The second Oxford offering from the team behind the successfully transformed Rusty Bicycle, the former Radcliffe Arms in Jericho has emerged from its scampi-and-sports ashes as The Rickety Press. With a smart yet relaxed interior featuring plenty of tastefully arranged books, navy and cream walls and a light-filled conservatory with fresh flowers on wooden tables, The Rickety Press falls on the gastro side of things, but is still very much a pub. So far, so up my street. Opened in May, there isn't yet a wine list, but staff happily talked us through the wines on offer, and the choice of real ales and cider was enough to satisfy all of our party. Thirst quenched, it was time for some sustenance.
Making our way into the conservatory, four menus were quickly rustled up. With a seasonal, daily changing menu featuring the best of British produce, The Rickety Press has its finger very much on the gastro pulse. On our visit, there were 5 starters and 6 mains on offer - just enough choice, but no difficult decision-making. In a nod to summer, I opted for gazpacho (£5) followed by the vegetarian main option, a less seasonal-sounding squash, feta, spinach and pine nut pithivier (pastry) with cauliflower puree (£11).
Starters arrived promptly and were dispatched with speedily: G's ham hock and pea salad with tarragon dressing, topped with a perfectly-cooked poached egg (£5) was a hit, with the oozing egg and the light-tasting dressing receiving particular praise. B (who I must point out has rather exacting standards) opted for the confit duck salad with mango and pomegranate (£6), a beautifully-presented summery starter. Receiving an almost record-setting 8.5 out of 10 from B, the smokiness of the duck contrasted excellently with the sweetness of the fruit, and the spring onions and herbs added to the fresh taste combination. My gazpacho (served with fresh bread) was also fresh tasting and light, with a slightly spicy aftertaste, but I have to say that it paled in comparison with the gazpacho I sampled in Seville last month. Made by a friend's mum and served from a plastic bottle, its presentation was decidedly less elegant than the Rickety Press version, but its flavour was spot on. The pub kitchen isn't fortunate enough to benefit from the help of Pedro's mother, but their interpretation was tasty nonetheless, if a bit thicker than the classic Spanish soup.
|Ham hock salad|
|Confit duck salad|
If the ham hock salad was well-received, G's main course of baked lemon sole fillets with new potatoes, brown shrimps and watercress (£13) was the culinary equivalent of Pippa Middleton: a surprise hit. As he pointed out, it's not exactly easy to make a stand-out dish out of fish, but The Rickety Press pulled it off - I should know, I couldn't resist having a nibble after G slipped into sole-induced rapture. Lightly breaded with a slightly crispy topping, the flaky fish was perfectly cooked and almost melted in the mouth, its buttery sauce adding a creamy touch without being at all heavy.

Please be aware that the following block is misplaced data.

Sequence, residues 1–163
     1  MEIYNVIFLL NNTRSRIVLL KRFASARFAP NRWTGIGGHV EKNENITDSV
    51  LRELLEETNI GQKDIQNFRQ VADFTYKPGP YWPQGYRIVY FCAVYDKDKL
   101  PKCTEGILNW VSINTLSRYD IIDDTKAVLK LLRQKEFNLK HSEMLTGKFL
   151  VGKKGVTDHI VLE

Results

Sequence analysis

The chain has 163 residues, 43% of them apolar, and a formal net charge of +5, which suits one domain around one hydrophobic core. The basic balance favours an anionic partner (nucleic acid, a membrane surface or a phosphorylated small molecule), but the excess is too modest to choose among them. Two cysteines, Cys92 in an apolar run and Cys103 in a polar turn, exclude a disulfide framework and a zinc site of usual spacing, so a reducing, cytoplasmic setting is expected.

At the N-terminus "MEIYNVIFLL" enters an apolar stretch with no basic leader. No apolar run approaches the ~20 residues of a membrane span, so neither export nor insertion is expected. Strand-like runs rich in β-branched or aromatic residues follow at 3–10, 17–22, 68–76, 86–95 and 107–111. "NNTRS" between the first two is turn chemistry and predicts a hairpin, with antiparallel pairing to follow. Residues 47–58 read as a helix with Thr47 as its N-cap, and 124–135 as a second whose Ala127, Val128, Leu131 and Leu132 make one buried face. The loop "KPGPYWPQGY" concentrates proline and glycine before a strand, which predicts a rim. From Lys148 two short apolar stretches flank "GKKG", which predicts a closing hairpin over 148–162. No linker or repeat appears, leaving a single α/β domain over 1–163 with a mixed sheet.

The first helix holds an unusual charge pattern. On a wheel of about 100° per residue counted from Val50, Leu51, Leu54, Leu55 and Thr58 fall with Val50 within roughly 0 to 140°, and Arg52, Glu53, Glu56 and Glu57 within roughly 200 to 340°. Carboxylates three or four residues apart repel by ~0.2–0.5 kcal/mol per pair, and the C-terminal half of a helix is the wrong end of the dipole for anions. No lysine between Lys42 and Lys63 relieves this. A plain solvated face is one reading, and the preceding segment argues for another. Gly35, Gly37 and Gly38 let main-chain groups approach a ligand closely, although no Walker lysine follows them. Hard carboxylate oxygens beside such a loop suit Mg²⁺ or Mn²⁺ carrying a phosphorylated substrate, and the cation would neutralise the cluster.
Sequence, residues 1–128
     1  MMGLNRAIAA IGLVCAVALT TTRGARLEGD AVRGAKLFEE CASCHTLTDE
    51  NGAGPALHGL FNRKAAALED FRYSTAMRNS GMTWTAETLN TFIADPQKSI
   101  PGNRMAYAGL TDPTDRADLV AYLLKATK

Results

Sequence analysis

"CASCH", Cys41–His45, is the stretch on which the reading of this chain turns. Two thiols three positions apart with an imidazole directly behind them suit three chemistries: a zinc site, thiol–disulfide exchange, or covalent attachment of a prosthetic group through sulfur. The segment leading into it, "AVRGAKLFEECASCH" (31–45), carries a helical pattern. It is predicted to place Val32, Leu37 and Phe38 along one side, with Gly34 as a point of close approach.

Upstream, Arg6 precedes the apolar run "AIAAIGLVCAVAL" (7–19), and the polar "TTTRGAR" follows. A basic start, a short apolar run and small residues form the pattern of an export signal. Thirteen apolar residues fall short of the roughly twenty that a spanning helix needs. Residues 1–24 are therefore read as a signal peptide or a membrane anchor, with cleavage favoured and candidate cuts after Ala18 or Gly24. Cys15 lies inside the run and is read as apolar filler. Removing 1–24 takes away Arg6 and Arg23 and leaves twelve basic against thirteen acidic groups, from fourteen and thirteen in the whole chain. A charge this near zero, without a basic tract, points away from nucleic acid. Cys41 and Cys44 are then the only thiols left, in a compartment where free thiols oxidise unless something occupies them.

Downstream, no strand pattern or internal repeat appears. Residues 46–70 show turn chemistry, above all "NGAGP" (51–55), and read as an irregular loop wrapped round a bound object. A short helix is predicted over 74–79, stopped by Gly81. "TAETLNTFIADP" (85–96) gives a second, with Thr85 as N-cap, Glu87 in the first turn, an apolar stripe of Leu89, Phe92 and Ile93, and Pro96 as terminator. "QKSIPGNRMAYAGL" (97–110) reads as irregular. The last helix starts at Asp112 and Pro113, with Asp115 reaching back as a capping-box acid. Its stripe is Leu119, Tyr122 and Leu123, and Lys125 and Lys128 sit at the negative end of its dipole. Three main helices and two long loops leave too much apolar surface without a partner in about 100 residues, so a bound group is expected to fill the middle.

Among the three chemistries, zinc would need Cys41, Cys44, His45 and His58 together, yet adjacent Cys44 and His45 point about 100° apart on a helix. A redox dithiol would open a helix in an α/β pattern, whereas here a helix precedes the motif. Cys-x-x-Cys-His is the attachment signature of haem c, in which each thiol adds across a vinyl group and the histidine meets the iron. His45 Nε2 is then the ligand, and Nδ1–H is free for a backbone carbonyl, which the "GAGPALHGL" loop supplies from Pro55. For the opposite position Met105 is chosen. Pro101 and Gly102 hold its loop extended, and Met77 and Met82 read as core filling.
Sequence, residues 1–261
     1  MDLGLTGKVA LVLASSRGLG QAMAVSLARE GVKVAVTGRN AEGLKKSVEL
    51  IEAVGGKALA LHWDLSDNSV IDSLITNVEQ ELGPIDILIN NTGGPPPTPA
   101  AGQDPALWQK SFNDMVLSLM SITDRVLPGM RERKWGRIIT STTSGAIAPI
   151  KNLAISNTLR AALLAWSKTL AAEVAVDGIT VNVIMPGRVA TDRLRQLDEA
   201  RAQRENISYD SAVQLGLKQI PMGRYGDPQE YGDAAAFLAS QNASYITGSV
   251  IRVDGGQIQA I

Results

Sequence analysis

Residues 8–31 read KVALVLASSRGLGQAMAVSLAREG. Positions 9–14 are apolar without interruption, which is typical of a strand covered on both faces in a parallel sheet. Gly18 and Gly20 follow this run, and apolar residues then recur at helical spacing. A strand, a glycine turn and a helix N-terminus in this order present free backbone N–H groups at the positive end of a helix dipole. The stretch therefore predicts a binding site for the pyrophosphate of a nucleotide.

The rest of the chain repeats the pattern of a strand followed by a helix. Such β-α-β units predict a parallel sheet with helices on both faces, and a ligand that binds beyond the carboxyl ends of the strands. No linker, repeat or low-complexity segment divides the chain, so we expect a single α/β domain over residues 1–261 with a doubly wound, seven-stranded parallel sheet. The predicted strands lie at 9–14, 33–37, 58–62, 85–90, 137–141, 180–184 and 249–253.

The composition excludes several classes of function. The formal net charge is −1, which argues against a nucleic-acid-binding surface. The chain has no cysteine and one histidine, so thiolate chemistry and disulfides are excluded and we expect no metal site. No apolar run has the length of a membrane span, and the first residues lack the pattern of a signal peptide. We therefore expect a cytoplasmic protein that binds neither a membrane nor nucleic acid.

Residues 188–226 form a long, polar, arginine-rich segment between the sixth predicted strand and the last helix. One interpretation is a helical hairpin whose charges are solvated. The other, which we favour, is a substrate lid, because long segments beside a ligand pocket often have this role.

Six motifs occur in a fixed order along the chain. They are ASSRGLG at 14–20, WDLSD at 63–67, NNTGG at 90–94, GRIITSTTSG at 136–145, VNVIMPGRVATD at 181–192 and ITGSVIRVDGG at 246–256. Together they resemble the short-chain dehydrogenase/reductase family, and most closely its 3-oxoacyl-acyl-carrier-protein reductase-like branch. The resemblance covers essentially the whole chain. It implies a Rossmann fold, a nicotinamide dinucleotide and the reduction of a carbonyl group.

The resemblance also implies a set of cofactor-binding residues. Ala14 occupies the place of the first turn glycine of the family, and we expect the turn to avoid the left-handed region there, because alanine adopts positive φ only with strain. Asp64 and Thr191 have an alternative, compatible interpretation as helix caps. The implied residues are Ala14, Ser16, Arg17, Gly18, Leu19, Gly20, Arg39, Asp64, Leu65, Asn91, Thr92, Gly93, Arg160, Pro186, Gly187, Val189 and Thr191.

|Lemon sole fillets - 10/10|
Having passed on a starter, N tucked into the Rickety burger (£11), topped with cheddar and onion relish and served in a homemade seeded bun. It also came with sides of string chips and a dressed rocket and radish salad. N's not exactly an unfussy lady either, but she rated the burger an impressive 9: cooked medium as requested, the meat was excellent quality, well-complemented by the rich taste of the cheese and the homemade relish - just sweet enough but not overpowering. The string chips weren't remotely stringy; they were crisp, golden and a bit too popular with the rest of the table.
|Rickety burger & string chips|
B's chicken, leek and mushroom pie (£11) tasted 'properly homemade, like something your mum would make' (a generic mum rather than mine specifically, her forte is potatoes), with good quality chunks of chicken 'rather than old scraggly bits' (although she later found a small amount of gristle, she would like me to point out). The sprouting broccoli looked more green than purple, but was tasty nonetheless, and the mash also received high praise - no lumps here.
|Chicken, leek and mushroom pie|
My pithivier may not have looked like the most exciting dish of the bunch, but the dome of homemade puff pastry was filled with a beautiful combination of summery flavours. The classic pairing of creamy feta and spinach worked perfectly with the appetite-satisfying butternut squash.
|Squash, feta & pine nut pithivier|
In the name of research, N and I managed to find space for a chocolate fondant served with homemade vanilla ice cream (£5). Our admirable effort was rewarded: it was delicious, a puddle of dark melted chocolate oozing out of the spongy centre. I'm not ashamed to admit I almost fought N for the last bite.
With a laid-back, friendly atmosphere, young and helpful staff and a strong, well-priced menu, The Rickety Press deserves to be a success. The restaurant quality food was some of the best I've had in a while, but there's none of the pretension that sometimes accompanies the gastro tag. This is definitely still a pub. Let's hope it stays that way.
The Rickety Press is at 67 Cranham Street, Jericho, OX2 6DS. Tel: 01865 424581.